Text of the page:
My open-minded friend expressed his honest, and legitimate, concerns, over the U.S. trade deficit. Here's from my response:
... think about the whole concept of a trade deficit. If one exists, it suggests that, let's say the Chinese, would truly give up a great deal of their resources for a significantly smaller amount of ours.
I.e., the alleged trade deficit has China providing us with along the lines of $500b per year of goods and services in exchange for $150b worth of stuff from us. If that were true, my goodness!, what a phenomenal deal for us! But of course the Chinese aren't that stupid; they'd never agree to such a lopsided exchange. They, as you know, accept U.S. currency for the difference.
But why on Earth would they do that if there wasn't something the U.S. could ultimately offer up to them (or to someone else they do business with) in exchange for those dollars (there of course has to be or they'd never trade their resources for our currency)?
The money (beyond what buys our exports) flows back to us through what's called the capital account, in which we have a huge surplus with the rest of the world. The capital account accounts for foreign direct investment -- into things like U.S. treasury bonds (funding the govt; i.e., paying for the new tax cuts, coming infrastructure, etc., while keeping mortgage rates relatively low), the stocks that occupy your retirement plan(s), and other investments.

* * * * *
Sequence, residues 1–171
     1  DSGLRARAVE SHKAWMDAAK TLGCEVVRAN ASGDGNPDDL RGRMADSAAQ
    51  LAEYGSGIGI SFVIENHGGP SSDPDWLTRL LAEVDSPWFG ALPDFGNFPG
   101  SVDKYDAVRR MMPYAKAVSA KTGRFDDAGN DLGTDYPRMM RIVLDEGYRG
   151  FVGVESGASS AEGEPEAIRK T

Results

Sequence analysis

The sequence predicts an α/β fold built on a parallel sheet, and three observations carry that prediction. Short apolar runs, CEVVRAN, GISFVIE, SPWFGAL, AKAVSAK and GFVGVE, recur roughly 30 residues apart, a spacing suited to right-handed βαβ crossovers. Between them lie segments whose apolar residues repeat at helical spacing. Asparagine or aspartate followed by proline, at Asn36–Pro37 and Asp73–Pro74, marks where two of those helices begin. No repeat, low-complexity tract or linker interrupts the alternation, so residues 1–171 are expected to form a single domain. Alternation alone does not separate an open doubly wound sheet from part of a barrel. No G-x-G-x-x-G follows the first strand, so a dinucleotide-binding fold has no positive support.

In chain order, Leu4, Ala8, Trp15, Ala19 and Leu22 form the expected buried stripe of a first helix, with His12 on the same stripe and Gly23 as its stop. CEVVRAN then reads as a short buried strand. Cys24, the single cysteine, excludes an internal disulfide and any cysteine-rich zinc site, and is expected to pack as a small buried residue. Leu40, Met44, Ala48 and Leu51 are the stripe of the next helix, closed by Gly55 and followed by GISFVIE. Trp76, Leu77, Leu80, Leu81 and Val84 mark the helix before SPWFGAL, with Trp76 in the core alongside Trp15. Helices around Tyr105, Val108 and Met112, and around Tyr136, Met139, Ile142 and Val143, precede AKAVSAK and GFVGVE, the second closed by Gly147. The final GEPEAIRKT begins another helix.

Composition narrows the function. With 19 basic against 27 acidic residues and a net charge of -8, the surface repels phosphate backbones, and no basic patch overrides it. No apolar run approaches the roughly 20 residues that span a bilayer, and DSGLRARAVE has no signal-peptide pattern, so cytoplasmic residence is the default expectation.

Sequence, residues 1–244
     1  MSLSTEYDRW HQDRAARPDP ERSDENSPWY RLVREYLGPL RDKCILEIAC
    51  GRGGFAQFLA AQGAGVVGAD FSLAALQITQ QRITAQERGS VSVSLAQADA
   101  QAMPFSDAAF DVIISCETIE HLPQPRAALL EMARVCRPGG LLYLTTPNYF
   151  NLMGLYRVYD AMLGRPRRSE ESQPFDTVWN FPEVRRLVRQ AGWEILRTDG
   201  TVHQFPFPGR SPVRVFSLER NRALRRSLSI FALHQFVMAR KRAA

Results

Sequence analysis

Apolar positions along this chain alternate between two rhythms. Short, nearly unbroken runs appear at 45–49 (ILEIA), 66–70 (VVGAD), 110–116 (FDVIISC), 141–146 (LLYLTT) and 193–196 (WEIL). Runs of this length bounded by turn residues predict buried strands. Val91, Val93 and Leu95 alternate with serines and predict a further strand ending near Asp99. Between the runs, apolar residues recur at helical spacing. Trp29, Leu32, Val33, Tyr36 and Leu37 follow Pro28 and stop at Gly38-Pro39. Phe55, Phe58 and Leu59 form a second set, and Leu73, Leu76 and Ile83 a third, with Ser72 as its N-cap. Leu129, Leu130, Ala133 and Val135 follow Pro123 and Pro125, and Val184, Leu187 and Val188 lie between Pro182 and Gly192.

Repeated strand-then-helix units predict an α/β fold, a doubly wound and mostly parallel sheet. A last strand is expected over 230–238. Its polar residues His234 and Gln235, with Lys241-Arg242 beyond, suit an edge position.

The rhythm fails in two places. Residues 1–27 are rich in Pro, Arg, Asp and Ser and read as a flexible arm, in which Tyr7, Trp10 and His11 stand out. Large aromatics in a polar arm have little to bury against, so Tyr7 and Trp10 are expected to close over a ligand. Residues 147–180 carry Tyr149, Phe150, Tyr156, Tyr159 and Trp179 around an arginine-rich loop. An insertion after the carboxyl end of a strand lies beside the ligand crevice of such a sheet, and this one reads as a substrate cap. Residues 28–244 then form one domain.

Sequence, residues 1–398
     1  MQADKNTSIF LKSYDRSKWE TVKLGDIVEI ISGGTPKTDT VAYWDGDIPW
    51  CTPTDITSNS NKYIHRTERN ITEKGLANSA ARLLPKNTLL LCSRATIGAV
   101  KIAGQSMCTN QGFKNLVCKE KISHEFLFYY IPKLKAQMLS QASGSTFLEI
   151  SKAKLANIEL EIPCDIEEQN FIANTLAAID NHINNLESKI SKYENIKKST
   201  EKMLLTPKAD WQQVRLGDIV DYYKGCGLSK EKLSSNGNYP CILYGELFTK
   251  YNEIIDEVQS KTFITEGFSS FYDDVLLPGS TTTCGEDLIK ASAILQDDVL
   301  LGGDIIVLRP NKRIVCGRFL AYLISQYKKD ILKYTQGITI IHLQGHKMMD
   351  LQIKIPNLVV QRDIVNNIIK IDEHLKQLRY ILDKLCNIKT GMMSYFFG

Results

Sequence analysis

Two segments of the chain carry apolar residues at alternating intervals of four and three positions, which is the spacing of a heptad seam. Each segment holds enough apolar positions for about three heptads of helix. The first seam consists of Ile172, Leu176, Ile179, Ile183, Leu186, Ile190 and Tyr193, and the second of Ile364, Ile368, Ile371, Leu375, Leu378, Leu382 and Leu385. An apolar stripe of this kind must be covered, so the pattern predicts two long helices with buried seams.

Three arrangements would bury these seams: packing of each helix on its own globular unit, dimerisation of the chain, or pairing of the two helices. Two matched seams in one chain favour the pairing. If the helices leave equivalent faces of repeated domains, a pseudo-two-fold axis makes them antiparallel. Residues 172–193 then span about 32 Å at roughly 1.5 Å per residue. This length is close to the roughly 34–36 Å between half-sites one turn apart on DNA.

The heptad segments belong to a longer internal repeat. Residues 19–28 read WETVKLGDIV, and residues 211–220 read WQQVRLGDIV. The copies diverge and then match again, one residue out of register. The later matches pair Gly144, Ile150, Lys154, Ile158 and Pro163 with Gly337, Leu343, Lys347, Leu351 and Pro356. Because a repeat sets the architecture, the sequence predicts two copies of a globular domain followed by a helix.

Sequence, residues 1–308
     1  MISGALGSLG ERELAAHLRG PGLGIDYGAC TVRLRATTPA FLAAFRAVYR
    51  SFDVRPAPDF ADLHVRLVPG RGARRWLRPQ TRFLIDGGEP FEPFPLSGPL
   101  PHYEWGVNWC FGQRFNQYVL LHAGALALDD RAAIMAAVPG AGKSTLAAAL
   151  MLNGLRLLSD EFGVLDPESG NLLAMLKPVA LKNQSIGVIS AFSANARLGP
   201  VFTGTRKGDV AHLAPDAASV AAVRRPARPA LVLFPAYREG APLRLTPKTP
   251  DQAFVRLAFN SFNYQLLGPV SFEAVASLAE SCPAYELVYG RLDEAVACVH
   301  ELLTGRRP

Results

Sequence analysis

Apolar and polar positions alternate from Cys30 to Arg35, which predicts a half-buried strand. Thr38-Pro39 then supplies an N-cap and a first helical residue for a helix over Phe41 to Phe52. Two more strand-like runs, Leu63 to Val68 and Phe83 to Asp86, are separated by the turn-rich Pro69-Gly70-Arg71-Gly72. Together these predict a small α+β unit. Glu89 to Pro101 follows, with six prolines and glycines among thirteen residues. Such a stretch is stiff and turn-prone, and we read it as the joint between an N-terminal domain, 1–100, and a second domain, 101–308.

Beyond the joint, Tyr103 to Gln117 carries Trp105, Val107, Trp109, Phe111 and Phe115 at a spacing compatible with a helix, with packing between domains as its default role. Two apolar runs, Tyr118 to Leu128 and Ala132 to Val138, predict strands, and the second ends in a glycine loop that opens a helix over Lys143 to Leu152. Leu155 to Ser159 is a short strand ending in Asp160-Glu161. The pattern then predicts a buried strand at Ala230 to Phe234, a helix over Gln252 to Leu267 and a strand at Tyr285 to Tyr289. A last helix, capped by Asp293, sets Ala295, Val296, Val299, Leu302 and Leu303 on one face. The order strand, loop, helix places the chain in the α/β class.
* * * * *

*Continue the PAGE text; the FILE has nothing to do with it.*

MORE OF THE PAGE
So, again, the capital flows back to the U.S.; some to be used to grow more businesses and to, in essence, fund more economic activity in general.
I would argue that in reality our ongoing "trade deficit" has been a reflection of our wealth and the advantages we enjoy as a nation.
Again, think in terms of foreign producers accepting U.S. dollars -- that only happens if they have a reason to send those dollars right back to the U.S. for goods, services and investments.Then, in response, to his followup on the national debt:
I share your concerns with the national debt!
Keep in mind, the trade deficit essentially provides the funds to buy the debt. I.e., you and I buy cell phones and stuff, not treasury debt. The folks abroad who sell us the stuff take our dollars, convert them to their local currency, and the agencies/individuals/institutions who end up with those dollars buy -- among other things -- our treasuries. Essentially, we get stuff, and our dollars ultimately turn around and fund our government.
Protectionism (lessening the flow of U.S. dollars into the global community) would actually exacerbate/quicken the ultimate problem you're concerned with. The worst thing in the world for this scary path we're on would be to adopt an isolationist stance.
In the end, the more we have access to the rest of the world's markets and its human capital -- and it to ours -- the better off we'll be...Friends, just because someone makes the claim that we've been abused by our trading partners don't make it so.
In fact, all you need to do to prove the opposite to yourself is to consider life in these United States versus life in those markets (particularly those emerging markets) that are supposedly "killing us". How utterly preposterous!
In fact, our history of international trade largely explains our virtually unequaled prosperity.